I have a lot of ideas on improving on the original game, and I know its a popular idea, having sold tens of thousands in retail (not that I earned anything from it...). My only problem now is making the sequel stand out from the original in design terms, and not copying the old interface too slavishly. Right now it looks very similar.
I plan of actually paying a proper artist to do proper art for this one. I've already picked who I'll be using, although I won't approach them till I have more of a working game, and am 100% certain this is my next product.
I hate starting new games, I'm much happier during the final 25% of dev time.

Friday, September 15, 2006


Even though my old profile pic had a knife in it, and made me look SCARILY like that montreal killer who played evil video games.
I've changed my profile pic to be more family friendly -->

Wednesday, September 13, 2006


Ok, I took most of the day off yesterday to fly one of these:

That's me in the front seat. twas great fun, although tiger moths are pretty slow.
Today its back at the coalface working on the new new game for a day, and trying to make some progress there, although I'll probably interrupt the development of it quite regularly in order to update kudos with new stuff.

I got my copy of lego star wars today. like msot people, mine didnt work until I hacked various files, and got various patches and fixes. all because they used Windows Installer.
Can someone explain me what the hell that does that the free, simple, reliable inno setup cannot do? These are games, not new operating systems
So far the Lego game is cool, but a lack of save-anywhere really grates on me, as a hardened PC gamer.

Monday, September 11, 2006

Eurogamer Review

Oooh, Got a new review:

"Cliff Harris has again made a thought-provoking piece of art and social
commentary masquerading as code"#

Sometimes I'm intimidated by my own talent.

I'm working on a sort of web-high-score page generating thingy for Kudos. Not a conventional high score, but a thing where you can press a button and the game generates a webpage on my server showing you lots of stats about your character. I hope its the sort of thing where people email the url to their mates and say "looK I'm an accomplished, confident particle-physicist" etc, and persuades them to buy the game :D.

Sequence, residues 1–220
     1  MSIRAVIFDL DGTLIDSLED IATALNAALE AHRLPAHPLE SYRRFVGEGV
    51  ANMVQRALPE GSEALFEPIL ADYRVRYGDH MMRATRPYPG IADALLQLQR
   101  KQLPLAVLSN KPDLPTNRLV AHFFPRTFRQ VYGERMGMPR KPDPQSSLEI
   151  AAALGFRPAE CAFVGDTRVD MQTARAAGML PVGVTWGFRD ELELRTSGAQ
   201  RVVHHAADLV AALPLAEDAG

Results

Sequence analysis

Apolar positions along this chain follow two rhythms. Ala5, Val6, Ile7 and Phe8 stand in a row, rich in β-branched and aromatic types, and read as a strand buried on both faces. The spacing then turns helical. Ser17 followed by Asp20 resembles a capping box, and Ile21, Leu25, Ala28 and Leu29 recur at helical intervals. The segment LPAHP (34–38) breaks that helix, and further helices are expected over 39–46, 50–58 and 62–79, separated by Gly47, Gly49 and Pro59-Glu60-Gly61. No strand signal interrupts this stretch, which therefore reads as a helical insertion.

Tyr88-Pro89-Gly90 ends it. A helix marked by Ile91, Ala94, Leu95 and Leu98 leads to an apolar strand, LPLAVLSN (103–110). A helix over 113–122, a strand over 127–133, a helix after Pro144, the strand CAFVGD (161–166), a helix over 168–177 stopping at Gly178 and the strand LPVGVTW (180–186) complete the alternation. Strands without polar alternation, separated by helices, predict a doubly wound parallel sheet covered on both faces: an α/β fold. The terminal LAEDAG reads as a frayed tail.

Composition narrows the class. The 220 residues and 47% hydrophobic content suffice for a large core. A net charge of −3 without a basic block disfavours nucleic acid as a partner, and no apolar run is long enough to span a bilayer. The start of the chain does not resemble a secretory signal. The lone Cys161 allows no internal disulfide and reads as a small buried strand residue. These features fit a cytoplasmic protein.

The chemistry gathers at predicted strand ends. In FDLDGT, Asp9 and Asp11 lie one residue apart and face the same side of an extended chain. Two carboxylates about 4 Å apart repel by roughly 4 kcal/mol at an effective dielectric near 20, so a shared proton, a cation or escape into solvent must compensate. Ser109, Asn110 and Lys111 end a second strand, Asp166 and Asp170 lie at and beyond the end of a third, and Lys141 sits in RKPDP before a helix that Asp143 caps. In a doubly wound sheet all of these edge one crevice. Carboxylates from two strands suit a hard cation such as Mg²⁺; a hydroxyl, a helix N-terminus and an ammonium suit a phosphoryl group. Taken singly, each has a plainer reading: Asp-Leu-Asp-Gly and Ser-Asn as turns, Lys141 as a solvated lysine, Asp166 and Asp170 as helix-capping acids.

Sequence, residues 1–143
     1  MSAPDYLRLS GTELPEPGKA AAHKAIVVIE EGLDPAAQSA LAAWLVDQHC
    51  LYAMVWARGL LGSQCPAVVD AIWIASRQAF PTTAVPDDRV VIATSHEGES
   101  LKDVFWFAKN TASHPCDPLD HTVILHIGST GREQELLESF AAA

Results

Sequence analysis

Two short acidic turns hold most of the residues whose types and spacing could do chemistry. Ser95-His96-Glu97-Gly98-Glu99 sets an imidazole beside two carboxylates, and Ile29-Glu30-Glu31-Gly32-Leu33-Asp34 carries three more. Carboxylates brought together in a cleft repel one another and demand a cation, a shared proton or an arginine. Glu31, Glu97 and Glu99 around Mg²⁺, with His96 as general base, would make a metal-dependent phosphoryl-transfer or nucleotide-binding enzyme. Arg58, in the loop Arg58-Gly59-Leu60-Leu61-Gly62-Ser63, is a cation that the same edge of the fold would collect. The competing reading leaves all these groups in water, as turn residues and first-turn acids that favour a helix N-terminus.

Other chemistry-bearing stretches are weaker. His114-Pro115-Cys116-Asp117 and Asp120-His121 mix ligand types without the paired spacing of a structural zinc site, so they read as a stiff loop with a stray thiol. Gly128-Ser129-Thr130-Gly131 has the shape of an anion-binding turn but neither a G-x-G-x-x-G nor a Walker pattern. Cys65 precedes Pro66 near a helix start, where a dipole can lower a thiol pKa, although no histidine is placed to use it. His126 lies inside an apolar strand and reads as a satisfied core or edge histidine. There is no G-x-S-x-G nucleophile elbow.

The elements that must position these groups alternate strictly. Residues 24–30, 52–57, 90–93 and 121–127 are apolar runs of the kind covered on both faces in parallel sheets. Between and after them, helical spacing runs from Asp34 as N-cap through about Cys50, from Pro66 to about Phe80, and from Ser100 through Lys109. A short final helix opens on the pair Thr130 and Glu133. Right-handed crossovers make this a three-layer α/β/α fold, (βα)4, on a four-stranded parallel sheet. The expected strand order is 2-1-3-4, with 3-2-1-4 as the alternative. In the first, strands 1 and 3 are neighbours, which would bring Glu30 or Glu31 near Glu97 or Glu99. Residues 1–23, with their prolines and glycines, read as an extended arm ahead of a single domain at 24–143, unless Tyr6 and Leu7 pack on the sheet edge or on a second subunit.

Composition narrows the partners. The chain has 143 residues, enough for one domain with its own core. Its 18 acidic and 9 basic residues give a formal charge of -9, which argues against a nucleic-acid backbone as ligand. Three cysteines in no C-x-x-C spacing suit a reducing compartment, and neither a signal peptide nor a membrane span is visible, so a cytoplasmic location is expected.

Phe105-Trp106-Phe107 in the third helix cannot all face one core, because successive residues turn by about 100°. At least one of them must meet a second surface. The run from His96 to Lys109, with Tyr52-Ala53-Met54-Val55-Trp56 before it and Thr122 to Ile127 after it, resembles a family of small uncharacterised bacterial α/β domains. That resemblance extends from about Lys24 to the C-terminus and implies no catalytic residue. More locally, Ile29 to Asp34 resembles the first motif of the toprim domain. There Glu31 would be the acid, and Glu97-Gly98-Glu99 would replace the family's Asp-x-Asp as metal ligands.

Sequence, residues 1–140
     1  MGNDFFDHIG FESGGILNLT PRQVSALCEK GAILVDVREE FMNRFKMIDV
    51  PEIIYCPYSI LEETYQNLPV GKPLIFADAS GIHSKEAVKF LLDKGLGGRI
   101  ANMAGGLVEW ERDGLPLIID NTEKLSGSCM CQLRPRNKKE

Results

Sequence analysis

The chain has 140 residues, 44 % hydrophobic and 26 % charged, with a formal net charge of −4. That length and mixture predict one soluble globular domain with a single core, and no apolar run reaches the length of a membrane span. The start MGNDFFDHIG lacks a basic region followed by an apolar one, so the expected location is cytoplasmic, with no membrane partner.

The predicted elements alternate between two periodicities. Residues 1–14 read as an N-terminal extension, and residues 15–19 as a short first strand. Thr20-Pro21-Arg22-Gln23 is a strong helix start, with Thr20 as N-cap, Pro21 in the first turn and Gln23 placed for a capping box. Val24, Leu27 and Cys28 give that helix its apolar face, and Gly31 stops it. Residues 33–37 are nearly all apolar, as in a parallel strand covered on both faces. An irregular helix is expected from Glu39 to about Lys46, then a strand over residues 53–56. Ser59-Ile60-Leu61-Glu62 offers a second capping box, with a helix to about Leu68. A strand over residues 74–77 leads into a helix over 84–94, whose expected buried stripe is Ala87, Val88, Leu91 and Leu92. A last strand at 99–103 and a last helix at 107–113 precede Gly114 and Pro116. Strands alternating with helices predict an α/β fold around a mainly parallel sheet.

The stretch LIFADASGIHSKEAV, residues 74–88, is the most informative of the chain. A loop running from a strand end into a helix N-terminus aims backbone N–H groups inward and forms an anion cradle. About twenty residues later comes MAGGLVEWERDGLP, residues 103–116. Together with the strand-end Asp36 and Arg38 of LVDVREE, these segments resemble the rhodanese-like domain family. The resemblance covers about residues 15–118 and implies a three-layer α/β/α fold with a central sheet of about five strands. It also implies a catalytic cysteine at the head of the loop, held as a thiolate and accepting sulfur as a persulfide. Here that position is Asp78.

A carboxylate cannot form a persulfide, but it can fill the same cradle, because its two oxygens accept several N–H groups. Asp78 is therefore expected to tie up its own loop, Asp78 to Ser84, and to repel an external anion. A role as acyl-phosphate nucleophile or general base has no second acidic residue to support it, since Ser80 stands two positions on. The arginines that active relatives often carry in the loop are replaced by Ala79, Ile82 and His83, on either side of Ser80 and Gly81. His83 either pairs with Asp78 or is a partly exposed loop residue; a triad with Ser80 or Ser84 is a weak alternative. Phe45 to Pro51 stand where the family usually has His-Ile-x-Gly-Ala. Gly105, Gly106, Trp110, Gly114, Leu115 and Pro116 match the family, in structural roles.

Thursday, September 07, 2006

Demo plans...

check it out:

(star trek: legacy)

"We currently don’t plan on releasing a demo for the game"

cool. I "currently don't plan on gambling £35 of my hard earned cash on the strength of your screenshots"

In the mind of a lot of gamers, myself included, if there is no demo, the game is probably shit. We don't trust reviews any more. It's an interactive medium. Good reviews might make us seek out your demo. An outstanding demo (lego Star Wars 2) will get you sales you wouldnt normally have got. (I bought it :D). This is flipping obvious. The only logical conclusion is:

"This game sucks, but the trekkies will buy it anyway. Keep its suckiness under wraps"


Its extremely difficult to work on a video game that you aren't motivated by. Ironically, the vast majority of people in the industry are often in this position. Even if you are a total video game obsessive, you won't like *all* game genres. At some point you will work on a game you hate, and even if its a genre you like, the theme, the design, or the platform may not excite you.
I've been lucky, and tended to work on games I like the sound of. I've never written code for a cricket game, a barbie game, or a beat-em-up.

However, with great power comes great responsibility, and the flipside of the equation isn't all roses either. As a one-man-band, I *could* do anything I like. Granted, this means I can choose the game I want to do, and then get stuck into it. Effectively, I'm doing exactly what game I like, as a job. So far so good.

But it also means I can change my mind *at any time*, and do something else. Thats a VERY strong temptation. I currently have 3 new C++ projects, all 3 of them are strategy(ish) games. One has a political slant, one has a tycoonish slant, one has a very strange RPGish slant. I've started work on all three, and keep changing my mind.
I'm thinking of going with the tycoonish one now, but that's today. Who knows what will happen tommorow? once I'm 3 months in, I know I won't turn back, but that's a long way off!

I got my first ever gamepad today. I am now ready for LEGO STAR WARS TWO!

Tuesday, September 05, 2006

Nice small demo

Of some new WW2 RTS (ooh thats a new concept).
A handy 1.8 gig demo. For the uninitiated, thats 1,800 copies of War And peace. For a fucking video game demo.
I bet you 25% of it is cutscenes and advert videos, and at least 25% will be stuff that isn't in the demo but nobody knew how to remove (or couldnt be bothered because its not *them* who pays the bandwidth, or watches the conversion rate). What the hell is wrong with retail developers? Hardly an impulse download is it?

Sunday, September 03, 2006

Kudos Design Post-Mortem

Kudos was easier to program (and still is) than it was to design. Game Design is HARD. And when you don't have similar games to leach ideas from, it's VERY hard. Heres some information on some of the decisions taken when designing the look of the game:

And designing the mechanics of the thing was much worse. And here I am about to start doing another original IP. What's wrong with me?